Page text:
Repaglinide is used to treat individuals with type 2 (non-insulin-dependent) diabetes mellitus ; it is in the meglitinide class of anti-diabetic drugs. It may be used as an adjunct to diet and exercise either alone or in combination with other anti-diabetic medications.
Common brand names:Prandin
Summary of Interactions with Vitamins, Herbs, & Foods
Replenish Depleted Nutrients
Reduce Side Effects
Potential Negative Interaction
In a preliminary trial, administration of Ginkgo biloba extract (120 mg per day) for three months to patients with type 2 diabetes who were taking oral anti-diabetes medication resulted in a significant worsening of glucose tolerance. Ginkgo did not impair glucose tolerance in individuals whose diabetes was controlled by diet.1 Individuals taking oral anti-diabetes medication should consult a doctor before taking Ginkgo biloba.
Willow bark contains salicin, which is related to aspirin . Both salicin and aspirin produce anti-inflammatory effects after they have been converted to salicylic acid in the body. Taking aspirin together with repaglinide enhances the blood-sugar-lowering effects of the drug,2 which might result in unwanted side effects. Controlled research is needed to determine whether taking willow bark together with repaglinide might produce similar effects.The interaction is supported by preliminary, weak, fragmentary, and/or contradictory scientific evidence.
Supplementation with large amounts of niacin (also called nicotinic acid) can increase blood glucose levels in diabetics , which might interfere with the blood-sugar-lowering effects of repaglinide.3 The form of vitamin B3 known as niacinamide does not have this effect. People who start or stop supplementing niacin while on repaglinide should carefully monitor their blood sugar levels and consult their prescribing doctor about making adjustments in the daily amount of drug taken.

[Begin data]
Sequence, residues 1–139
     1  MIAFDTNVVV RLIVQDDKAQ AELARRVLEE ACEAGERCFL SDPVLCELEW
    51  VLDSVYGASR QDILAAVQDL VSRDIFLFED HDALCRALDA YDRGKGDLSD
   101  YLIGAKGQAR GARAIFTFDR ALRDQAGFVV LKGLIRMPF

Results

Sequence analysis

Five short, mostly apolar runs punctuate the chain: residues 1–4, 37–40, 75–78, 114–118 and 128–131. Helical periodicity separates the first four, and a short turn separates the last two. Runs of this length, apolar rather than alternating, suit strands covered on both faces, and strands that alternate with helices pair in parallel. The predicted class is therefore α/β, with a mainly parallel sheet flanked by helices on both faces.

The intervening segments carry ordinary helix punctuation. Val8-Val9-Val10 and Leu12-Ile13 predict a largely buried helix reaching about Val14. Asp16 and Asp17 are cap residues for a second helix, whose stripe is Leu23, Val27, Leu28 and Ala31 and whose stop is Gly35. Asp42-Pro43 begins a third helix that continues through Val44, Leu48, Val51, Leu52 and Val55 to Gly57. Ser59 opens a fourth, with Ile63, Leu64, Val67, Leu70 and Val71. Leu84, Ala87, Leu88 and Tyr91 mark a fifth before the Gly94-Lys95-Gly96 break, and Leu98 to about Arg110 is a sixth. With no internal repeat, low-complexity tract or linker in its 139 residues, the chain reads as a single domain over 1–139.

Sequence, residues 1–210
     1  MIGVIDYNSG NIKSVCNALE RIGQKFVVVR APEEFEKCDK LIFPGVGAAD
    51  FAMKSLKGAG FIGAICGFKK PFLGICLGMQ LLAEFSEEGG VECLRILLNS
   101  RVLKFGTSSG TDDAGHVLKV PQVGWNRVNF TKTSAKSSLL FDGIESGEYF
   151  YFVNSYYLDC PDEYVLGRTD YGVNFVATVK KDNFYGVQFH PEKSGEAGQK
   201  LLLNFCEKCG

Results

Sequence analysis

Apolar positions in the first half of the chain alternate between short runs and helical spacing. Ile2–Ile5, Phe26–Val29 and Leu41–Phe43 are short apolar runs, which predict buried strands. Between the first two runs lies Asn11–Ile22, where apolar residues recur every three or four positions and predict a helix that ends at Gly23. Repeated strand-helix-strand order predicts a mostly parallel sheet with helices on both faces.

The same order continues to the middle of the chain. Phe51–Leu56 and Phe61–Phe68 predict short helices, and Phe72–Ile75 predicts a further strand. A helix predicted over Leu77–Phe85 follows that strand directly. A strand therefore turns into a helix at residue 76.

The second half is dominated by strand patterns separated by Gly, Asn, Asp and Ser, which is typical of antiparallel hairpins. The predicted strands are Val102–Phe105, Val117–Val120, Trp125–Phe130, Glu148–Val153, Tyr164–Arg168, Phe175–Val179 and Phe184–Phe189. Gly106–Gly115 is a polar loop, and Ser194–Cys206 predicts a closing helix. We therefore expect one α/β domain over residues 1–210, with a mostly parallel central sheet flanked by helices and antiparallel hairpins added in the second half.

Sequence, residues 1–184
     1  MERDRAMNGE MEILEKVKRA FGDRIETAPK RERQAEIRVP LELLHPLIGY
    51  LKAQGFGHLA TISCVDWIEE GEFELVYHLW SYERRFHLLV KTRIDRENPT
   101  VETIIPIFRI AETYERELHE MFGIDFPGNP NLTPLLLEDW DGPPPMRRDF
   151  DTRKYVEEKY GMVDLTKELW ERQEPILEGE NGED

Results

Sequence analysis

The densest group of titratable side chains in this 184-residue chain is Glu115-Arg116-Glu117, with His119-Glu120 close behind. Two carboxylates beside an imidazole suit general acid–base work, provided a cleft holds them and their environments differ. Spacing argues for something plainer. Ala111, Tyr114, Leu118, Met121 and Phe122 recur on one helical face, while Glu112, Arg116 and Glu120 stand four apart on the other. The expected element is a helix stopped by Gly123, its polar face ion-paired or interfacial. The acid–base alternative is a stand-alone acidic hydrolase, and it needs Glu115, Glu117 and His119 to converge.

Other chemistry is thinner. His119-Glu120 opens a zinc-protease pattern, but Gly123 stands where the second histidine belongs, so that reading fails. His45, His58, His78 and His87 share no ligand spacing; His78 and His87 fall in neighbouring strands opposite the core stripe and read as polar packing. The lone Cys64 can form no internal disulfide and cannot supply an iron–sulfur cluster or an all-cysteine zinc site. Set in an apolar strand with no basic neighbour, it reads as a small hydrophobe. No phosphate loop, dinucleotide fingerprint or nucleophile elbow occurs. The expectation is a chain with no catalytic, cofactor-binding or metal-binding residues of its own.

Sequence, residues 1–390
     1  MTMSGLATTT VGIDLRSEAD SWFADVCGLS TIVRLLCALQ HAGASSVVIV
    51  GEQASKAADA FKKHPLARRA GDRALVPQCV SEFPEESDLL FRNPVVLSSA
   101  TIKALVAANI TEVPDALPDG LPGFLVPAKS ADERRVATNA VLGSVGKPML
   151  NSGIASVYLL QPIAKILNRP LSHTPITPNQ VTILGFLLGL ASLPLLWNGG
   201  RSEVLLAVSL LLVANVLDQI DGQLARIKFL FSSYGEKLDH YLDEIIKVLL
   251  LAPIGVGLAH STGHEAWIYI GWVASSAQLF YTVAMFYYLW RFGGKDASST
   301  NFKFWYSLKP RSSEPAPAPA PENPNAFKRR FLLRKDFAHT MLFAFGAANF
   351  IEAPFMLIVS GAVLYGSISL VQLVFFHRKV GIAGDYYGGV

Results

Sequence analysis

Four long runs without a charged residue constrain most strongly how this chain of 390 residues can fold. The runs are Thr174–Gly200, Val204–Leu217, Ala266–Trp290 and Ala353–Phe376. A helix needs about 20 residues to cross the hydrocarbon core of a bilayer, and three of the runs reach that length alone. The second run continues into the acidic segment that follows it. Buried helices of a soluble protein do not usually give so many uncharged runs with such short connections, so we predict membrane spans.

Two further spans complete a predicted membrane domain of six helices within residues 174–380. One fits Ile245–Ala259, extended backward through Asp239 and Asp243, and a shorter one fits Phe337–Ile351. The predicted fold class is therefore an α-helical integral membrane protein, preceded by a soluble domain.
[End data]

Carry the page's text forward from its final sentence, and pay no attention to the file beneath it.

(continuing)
1. Kudolo GB. The effect of 3-month ingestion of Ginkgo biloba extract (EGb 761) on pancreatic beta-cell function in response to glucose loading in individuals with non-insulin-dependent diabetes mellitus. J Clin Pharmacol 2001;41:600-11.
2. Sifton DW, ed. Physicians Desk Reference. Montvale, NJ: Medical Economics Company, Inc., 2000, 2071-3.
3. Sifton DW, ed. Physicians Desk Reference. Montvale, NJ: Medical Economics Company, Inc., 2000, 2071-3.
Last Review: 05-01-2013
Copyright © 2013 Aisle7. All rights reserved. Aisle7.com
Please read the disclaimer about the limitations of the information provided here. Do NOT rely solely on the information in this article. The Aisle7 knowledgebase does not contain every possible interaction.
The information presented in Aisle7 is for informational purposes only. It is based on scientific studies (human, animal, or in vitro), clinical experience, or traditional usage as cited in each article. The results reported may not necessarily occur in all individuals. For many of the conditions discussed, treatment with prescription or over-the-counter medication is also available. Consult your doctor, practitioner, and/or pharmacist for any health problem and before using any supplements or before making any changes in prescribed medications. Information expires June 2014.
Healthwise, Healthwise for every health decision, and the Healthwise logo are trademarks of Healthwise, Incorporated.